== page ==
If both populations thrive then diversity could increase in both.There is no way that GENETIC diversity ever increases after reproductive isolation -- not just "diversity" as PHENOTYPIC diversity is something else, and as my formula has it, phenotypic diversity increases as genetic diversity decreases. I don't know how to prove this as making charts of combinations of genes and alleles quickly gets beyond me, but keeping the Creation Model in mind ought to make it intuitively obvious. One argument I've made is that it ought to be obvious that increases in genetic diversity would prevent ever establishing a domestic breed as its character would always be threatened by the input of new alleles.
As I quote in a post below, from the Wikipedia article on Zygosity:
True breeding organisms are always homozygous for the traits that are to be held constant.Homozygosity for an entire population is of course the extreme of genetic depletion, also known as "fixed loci" in which there is only one allele in the entire population for the given gene. It's the same situation that Nature has brought about in the cheetah and the elephant seals and the North American bison. It's the FORMULA for getting a new phenotype. It's EVIDENCE that what i'm saying is correct, that you MUST have reduced genetic diversity IF you are to get EVOLUTION.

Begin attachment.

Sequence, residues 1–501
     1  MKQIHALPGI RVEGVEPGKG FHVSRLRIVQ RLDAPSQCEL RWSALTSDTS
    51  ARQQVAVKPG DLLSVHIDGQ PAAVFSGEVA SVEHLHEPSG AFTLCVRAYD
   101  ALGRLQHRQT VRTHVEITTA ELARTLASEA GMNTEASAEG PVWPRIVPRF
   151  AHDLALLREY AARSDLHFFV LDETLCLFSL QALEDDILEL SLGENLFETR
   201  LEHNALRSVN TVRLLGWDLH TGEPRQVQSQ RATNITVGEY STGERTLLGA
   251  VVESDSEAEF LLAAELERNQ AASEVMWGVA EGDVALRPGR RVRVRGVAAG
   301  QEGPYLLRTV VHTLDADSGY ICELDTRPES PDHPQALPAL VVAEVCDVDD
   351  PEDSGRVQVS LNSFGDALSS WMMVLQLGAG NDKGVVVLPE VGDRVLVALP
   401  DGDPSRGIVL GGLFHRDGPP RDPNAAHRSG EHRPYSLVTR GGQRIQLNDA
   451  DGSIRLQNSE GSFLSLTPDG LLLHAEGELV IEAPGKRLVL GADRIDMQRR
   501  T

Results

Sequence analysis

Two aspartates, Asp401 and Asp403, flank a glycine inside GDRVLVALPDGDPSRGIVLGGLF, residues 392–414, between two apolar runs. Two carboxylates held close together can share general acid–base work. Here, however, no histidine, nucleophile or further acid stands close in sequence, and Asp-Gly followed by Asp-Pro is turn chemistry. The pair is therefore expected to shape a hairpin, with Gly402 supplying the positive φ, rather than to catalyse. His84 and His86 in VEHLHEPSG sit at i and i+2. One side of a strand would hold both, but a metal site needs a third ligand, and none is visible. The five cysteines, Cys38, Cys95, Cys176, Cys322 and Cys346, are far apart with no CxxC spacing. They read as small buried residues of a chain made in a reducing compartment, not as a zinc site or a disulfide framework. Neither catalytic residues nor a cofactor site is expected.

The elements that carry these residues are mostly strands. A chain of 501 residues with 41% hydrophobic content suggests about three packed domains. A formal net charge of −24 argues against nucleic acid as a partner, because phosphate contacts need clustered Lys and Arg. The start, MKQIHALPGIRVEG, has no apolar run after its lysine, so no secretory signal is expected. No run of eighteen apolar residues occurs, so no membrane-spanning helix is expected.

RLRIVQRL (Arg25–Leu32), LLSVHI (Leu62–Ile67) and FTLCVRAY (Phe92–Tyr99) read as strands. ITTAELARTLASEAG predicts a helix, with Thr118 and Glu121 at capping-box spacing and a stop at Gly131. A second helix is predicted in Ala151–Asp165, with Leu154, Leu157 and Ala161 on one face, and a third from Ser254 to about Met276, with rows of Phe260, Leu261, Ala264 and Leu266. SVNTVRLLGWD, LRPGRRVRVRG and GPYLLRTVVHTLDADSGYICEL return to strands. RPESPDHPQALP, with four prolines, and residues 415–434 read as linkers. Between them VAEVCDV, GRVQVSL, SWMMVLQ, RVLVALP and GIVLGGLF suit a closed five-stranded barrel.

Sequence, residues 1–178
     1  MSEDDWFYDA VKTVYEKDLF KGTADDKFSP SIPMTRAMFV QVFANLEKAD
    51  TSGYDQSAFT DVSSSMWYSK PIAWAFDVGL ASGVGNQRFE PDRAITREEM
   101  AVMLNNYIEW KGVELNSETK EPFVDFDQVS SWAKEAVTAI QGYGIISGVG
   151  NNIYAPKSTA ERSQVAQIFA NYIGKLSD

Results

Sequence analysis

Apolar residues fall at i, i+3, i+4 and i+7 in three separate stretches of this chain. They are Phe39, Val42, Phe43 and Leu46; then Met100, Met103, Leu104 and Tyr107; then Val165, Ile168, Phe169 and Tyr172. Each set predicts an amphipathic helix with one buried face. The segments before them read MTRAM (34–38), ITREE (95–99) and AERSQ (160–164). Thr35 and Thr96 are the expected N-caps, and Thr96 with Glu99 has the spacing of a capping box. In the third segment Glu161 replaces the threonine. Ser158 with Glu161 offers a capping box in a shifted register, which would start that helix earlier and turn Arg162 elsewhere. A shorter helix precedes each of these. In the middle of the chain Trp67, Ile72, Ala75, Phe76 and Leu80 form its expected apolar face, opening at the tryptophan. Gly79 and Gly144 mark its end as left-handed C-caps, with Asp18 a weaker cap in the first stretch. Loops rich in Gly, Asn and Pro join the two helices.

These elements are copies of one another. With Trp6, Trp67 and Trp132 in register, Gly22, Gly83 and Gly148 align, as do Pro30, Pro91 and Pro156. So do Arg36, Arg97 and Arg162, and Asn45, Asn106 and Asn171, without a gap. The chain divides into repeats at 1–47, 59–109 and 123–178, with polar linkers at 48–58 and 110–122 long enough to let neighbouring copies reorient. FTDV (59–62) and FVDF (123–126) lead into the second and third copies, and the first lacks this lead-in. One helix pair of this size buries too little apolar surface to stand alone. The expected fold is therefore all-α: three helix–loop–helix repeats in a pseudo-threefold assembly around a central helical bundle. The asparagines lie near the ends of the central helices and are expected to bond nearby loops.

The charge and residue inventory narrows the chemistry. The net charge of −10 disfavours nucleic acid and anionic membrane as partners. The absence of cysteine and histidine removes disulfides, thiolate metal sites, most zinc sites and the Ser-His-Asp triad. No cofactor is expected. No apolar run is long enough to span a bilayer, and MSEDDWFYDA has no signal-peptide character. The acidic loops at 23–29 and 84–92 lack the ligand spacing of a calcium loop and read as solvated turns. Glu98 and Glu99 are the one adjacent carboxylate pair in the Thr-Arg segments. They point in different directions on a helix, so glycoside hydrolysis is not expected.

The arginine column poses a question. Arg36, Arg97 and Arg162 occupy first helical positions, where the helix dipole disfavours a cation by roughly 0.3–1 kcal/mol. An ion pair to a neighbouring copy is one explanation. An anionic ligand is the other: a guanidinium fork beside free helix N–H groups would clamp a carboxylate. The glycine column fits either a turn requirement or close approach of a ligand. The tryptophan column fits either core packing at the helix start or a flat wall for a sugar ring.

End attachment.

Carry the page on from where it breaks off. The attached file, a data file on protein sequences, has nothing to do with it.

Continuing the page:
And again it pertains not just to domestic breeding but also to varieties in the wild -- the beaks of Darwin's finches couldn't be counted on to be stable even if they had been brought about by Natural Selection, they'd always be subject to change that would interfere with their relationship to their environmental niche. In other words an increase in genetic diversity ALWAYS interferes with EVOLUTION. You get evolution or the development of new phenotypes / varieties as you lose alleles for competing traits, which means a decrease in genetic diversity. For a finch population to be characterized by a beak that can crack nuts means it has to NOT have the alleles for beaks that can penetrate small narrow spaces. It could be that an all-purpose beak would work fine and dandy, but the theory says that you get these specialized beaks by natural selection so that they can adapt to their particular ecological niche and since that does appear to be the case they must have alleles FOR their particular adaptation and NOT have the alleles for the other adaptations.
I know I argued this to death on that thread to deaf ears and here I've barely gotten through this one post from Percy. Oh well, might as well keep at it for a while at least.
But if one or both populations suffer some disaster such as flood or famine or an invasive predator or disease that greatly reduces population size, then diversity would be reduced. It all depends upon what happens to the populations.No, it doesn't ALL depend on that although such events would certainly have an impact. The point I want to keep in mind here is CHANGE IN GENE FREQUENCIES. Many things can bring this about; what brings it about isn't the important thing but simple population splits are usually quite enough for the purpose.